(Nick Galifianakis/The Washington Post)

Adapted from a recent online discussion.

Dear Carolyn:

My wife and I live by two different schools of thought. I believe that if something is worth doing, it’s worth doing right, and put lots of time, energy and resources into things I plan. My wife believes the perfect is the enemy of the good, and will accomplish tasks in a way I feel is slapdash. For example, when she said she would handle finding a dog-walker, she took down a number from a flyer posted in the neighborhood, read some Yelp reviews of the company, met with the walker once, and decided to hire him. I would have interviewed multiple candidates, asked to speak to their current clients, etc.

Our differences make it hard for me to trust her decision-making, which I know makes her feel infantilized. Suggestions, for either of us?

I Would Trust You More If I Didn’t Find Your Methods So Questionable

Wow, you’re just a picnic in pants, aren’t you.

Has your dog been successfully walked by the dog-walker your wife hired? Have your meticulous efforts produced markedly better results in all areas of your shared life? Even in the cases where they did, were the improvements all worth the extra time you invested, since being meticulous about every bit of your household’s business presumably cuts into your leisure time?

And superseding all: Would you appreciate having your wife question your competence in light of your consumption with minutiae?

I suspect not. It’s hard to feel simultaneously loved and judged.

By not recognizing any value in your wife’s way of doing things, you are infantilizing her, not to mention showing her such disrespect that I question your ability to see her as your equal. And, by declaring your way as the “right” one, you’re exposing the tap root of controlling behavior.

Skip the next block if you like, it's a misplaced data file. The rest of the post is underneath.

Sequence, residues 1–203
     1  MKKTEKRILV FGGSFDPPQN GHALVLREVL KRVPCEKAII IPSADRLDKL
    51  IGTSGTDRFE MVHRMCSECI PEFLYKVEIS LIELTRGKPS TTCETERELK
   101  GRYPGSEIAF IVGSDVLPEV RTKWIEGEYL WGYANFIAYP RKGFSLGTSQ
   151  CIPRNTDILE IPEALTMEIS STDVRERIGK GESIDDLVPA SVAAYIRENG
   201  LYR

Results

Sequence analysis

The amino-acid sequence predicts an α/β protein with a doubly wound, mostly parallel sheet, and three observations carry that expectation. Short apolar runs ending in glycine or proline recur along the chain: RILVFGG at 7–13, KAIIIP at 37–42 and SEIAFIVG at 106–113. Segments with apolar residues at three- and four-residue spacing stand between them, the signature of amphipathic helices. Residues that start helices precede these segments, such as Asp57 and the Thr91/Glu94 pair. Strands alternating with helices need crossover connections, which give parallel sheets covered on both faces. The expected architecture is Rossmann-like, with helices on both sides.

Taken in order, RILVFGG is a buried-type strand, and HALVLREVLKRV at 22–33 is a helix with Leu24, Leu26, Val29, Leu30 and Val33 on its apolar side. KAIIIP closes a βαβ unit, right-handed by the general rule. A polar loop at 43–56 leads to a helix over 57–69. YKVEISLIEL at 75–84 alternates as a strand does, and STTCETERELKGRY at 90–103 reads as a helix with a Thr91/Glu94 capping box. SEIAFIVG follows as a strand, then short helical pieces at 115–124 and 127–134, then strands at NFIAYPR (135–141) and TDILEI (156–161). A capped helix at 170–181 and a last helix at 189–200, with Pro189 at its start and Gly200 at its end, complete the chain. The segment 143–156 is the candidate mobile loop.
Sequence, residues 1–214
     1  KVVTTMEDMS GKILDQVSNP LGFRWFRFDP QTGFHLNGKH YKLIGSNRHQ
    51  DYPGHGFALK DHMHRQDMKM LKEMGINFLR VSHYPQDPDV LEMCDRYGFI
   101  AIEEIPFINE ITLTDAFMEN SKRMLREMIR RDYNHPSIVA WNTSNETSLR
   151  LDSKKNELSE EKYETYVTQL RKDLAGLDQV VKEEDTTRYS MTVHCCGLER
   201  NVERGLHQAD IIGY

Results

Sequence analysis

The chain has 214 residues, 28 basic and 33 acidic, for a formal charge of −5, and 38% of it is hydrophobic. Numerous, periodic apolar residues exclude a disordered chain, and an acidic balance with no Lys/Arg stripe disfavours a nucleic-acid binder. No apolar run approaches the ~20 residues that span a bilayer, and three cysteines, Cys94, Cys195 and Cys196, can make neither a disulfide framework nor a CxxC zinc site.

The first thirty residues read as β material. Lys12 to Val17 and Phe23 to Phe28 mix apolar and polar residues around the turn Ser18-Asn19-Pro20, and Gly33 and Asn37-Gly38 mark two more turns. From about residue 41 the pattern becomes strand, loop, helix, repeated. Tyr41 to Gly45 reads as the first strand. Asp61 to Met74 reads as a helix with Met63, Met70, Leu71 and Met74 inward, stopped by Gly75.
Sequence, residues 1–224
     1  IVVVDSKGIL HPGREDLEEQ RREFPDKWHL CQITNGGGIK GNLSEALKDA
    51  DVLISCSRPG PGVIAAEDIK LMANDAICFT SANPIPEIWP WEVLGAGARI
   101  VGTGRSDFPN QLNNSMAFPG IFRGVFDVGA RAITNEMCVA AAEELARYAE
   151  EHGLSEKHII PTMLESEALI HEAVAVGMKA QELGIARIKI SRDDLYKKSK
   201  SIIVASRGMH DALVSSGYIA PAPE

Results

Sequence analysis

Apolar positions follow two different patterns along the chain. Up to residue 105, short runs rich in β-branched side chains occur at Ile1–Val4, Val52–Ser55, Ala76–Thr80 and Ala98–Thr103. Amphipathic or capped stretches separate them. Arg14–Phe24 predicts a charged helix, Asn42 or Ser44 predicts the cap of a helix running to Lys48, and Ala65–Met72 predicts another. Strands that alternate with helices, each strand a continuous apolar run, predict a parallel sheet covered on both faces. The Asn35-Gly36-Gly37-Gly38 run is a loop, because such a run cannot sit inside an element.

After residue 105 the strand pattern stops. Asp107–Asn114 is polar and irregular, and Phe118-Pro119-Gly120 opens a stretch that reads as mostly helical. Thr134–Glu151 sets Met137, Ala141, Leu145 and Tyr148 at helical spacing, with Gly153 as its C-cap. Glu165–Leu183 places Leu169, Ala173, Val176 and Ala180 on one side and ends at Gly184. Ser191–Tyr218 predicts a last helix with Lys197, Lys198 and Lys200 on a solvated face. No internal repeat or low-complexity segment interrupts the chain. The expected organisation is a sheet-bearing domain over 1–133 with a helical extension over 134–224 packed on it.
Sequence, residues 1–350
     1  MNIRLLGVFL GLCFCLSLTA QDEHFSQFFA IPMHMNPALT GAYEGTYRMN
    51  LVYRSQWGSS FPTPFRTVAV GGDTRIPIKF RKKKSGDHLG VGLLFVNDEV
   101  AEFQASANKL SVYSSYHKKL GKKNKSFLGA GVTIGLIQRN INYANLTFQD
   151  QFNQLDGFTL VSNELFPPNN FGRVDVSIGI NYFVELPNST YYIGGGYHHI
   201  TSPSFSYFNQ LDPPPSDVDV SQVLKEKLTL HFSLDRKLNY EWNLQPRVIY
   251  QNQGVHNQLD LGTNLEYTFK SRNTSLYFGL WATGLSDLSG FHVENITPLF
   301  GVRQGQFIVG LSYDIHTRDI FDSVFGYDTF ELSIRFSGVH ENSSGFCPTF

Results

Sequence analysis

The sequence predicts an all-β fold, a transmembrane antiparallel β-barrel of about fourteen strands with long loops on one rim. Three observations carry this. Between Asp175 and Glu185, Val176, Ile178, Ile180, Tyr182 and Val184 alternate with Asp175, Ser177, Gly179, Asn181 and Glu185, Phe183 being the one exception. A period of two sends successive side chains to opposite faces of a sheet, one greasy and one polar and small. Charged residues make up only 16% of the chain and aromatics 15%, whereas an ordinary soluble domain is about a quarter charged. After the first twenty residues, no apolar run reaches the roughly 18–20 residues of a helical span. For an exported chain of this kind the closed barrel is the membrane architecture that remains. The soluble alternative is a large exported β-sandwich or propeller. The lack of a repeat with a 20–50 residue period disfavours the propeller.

Some things are worth doing thoroughly (note I didn’t presume to say “right”), and some just aren’t. And if I were the personal assistant you two hired, I would go to you for items of intricacy and consequence, and I would go to her for stuff that just needed to Get Done. (I’d also probably quit in frustration after a week.)

You can replicate that process yourselves: You read the fine print when skipping it can compromise your safety or cost you time, money or privacy, and she keeps the more straightforward aspects of your lives working efficiently. A full, cooperative, equal-partner marriage is about appreciating and counting on the other’s contrasting strengths. Get started on this now by deciding to delegate; then, avert your eyes.

If you can’t do that, then, please seek counseling from a moderately vetted provider. I’ll let this reader explain why:

As a person on the receiving end of this constant oversight, I can tell you the drip drip drip of disapproval is eroding your wife’s affection for you. I can appreciate my husband’s careful ways (we got a great mortgage rate!), but he has no appreciation for someone like me who knows when it’s just time to pull the trigger and buy some damn sheets instead of endlessly researching thread count. You’ve been warned, husband. Find a way to appreciate her ability to get things done or someday she will leave you.


Write to Carolyn Hax, Style, 1150 15th St. NW, Washington, D.C. 20071, or tellme@washpost.com. Get her column delivered to your inbox each morning at http://bit.ly/haxpost.